“My drag comes from singing. I was a little emo kid at 12 years old and I loved to sing. I can’t be a singer out of drag. I am a Chinese male who’s overweight and losing his hair. I’m never gonna make it like that so drag helped me, and the 12 year old me, finally live out my dream of performing and singing. That’s the only reason I put all of this on - so I can perform and sing. It’s the best job in the world.”

Cheryl Hole, 25, Essex


“I’m a dancing diva, I’m known for my dance moves, death drops and pure entertainment and that’s what you want from a drag queen isn’t it? My style of drag is that Essex glamour with a touch of showgirl. Everything’s got a bling, a touch of vajazzle but a real girl at heart. I like to play up the Essex stereotype and really incorporate that into my drag.

“My drag name comes from the icon and Geordie princess Cheryl Cole. Cheryl has inspired so much of my life. I’m also in a Girls Aloud drag tribute group called ‘Gals Aloud’ and I play Cheryl for obvious reasons.”

Gothy Kendoll, 21, Leicester


“My drag is dark, contemporary, striking and unique, and everything that is cool and fresh about UK drag now. The fact that my name is Gothy lets me bring in those darker elements; especially when it comes to wigs and makeup.

“My name comes from my friend who described me as a Ken doll but a gothy one because I used to be wear loads of black, have really black hair, but also be really tanned and wear loads of makeup!”

Vinegar Strokes, 35, London


“I am a straight up comedy queen, I do stand-up comedy, I sing in my own particular style. I’m like Tina Turner meets Lizzo meets Kat Slater.

“I’m a working class girl and I like to put that in my act and celebrate that and wear my heart on my sleeve. It’s really important to me because we live in an age where so many want to be something else and actually it’s great to celebrate who you are.”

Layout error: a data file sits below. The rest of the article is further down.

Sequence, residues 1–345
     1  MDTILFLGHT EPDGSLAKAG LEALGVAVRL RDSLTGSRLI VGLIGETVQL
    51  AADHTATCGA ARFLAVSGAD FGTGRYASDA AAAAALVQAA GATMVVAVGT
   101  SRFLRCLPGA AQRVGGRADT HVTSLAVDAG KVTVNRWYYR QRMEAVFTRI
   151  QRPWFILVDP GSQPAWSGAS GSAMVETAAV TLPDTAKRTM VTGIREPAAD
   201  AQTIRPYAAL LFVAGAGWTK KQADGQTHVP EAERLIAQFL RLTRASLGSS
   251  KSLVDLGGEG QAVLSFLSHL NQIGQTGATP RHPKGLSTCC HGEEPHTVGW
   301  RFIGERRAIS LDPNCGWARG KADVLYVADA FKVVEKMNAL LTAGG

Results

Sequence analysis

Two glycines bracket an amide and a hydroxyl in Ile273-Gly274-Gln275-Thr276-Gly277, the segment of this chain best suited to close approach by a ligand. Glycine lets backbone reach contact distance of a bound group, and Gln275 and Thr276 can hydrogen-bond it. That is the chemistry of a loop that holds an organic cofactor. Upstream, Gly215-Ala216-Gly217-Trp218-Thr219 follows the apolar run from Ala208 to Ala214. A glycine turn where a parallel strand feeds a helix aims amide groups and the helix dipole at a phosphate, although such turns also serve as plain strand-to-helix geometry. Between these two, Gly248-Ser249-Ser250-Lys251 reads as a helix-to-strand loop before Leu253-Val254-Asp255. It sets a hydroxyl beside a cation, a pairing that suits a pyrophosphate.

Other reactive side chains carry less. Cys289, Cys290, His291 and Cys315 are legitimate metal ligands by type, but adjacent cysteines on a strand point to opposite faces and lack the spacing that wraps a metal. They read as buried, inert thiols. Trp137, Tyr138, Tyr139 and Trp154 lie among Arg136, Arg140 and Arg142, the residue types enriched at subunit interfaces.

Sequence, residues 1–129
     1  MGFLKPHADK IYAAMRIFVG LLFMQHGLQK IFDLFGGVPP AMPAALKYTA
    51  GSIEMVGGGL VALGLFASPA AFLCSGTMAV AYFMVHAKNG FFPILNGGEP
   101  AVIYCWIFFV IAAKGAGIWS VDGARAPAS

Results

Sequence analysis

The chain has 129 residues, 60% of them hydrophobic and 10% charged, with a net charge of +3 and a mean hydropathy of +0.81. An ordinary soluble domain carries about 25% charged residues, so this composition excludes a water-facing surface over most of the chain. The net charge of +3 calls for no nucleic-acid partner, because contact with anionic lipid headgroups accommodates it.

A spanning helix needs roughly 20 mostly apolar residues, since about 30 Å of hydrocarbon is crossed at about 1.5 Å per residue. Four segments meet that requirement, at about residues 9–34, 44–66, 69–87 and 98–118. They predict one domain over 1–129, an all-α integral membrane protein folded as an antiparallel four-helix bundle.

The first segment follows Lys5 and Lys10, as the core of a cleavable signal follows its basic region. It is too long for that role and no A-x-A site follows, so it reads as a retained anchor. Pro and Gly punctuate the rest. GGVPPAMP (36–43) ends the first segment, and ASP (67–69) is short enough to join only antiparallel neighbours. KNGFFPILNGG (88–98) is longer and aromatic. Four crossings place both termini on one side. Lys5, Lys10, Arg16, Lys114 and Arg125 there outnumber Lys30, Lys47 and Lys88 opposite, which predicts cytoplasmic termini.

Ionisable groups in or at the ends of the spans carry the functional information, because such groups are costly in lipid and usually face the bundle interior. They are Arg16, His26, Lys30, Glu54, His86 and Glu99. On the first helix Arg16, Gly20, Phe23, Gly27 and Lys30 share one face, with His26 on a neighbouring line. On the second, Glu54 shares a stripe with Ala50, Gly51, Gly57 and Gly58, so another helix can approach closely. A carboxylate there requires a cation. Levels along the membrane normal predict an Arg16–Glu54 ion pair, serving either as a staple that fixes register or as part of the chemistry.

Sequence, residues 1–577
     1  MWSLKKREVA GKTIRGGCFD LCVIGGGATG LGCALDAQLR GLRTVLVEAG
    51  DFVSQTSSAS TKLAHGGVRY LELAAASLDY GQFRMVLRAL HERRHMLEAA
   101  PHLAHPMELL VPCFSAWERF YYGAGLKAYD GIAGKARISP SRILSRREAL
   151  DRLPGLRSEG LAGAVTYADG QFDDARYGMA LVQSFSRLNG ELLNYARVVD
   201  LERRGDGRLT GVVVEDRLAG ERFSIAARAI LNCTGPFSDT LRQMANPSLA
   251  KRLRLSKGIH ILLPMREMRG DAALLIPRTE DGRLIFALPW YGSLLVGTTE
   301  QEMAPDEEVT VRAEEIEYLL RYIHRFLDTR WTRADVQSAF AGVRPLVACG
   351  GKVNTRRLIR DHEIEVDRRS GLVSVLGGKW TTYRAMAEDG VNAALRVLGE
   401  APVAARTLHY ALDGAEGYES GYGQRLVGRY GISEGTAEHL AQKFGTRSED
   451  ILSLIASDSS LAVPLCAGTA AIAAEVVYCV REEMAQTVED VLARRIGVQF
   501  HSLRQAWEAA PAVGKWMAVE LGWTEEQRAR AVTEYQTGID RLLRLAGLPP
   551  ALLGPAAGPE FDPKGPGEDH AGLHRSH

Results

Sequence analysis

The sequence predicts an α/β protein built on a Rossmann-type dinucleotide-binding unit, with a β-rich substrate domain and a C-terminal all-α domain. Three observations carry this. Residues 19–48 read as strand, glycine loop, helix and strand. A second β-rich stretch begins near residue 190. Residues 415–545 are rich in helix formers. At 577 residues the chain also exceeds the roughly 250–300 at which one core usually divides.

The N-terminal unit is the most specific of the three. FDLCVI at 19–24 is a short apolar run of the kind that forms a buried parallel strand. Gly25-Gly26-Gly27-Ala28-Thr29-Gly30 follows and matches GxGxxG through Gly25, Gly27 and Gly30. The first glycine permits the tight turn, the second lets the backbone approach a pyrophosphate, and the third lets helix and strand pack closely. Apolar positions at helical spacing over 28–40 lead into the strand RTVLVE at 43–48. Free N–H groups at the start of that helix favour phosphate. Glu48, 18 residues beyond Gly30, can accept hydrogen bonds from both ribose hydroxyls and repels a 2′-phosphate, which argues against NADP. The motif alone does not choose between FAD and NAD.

Scaredy Kat, 20, Wiltshire


“I’d say my style of drag is probably very pink, very cute and very feline-esque. It’s very camp, exciting, colourful and bold. Cute, pink and scared - like a nervous flamingo. I’m unique and another that makes me unique is that I’m the youngest queen ever on Drag Race.

“At the moment, I do a lot of drag alone in my house but I’ve made quite a lot of videos - music videos, lip-sync videos, arty stuff and pictures, creative things. I want to change that and I need to be on a stage in front of millions of people because the attention just has to be on me right now.”

The Vivienne, 27, Liverpool


“My style is like a scouse wife who has come into money, she moved to LA and blew it all and then she’s had to move back to Liverpool. I like to have a really fierce look, but I like to be hilarious on stage so I’m kind of an old school and the new school put together which I think works.

“Comedy is definitely my trump card. My favourite trick in drag is my vocal impersonations so I do everyone from Kim Woodburn, Cilla Black, Donald Trump - you name it, I’ll do it - for the right price!”

What will the show look like?

BBC News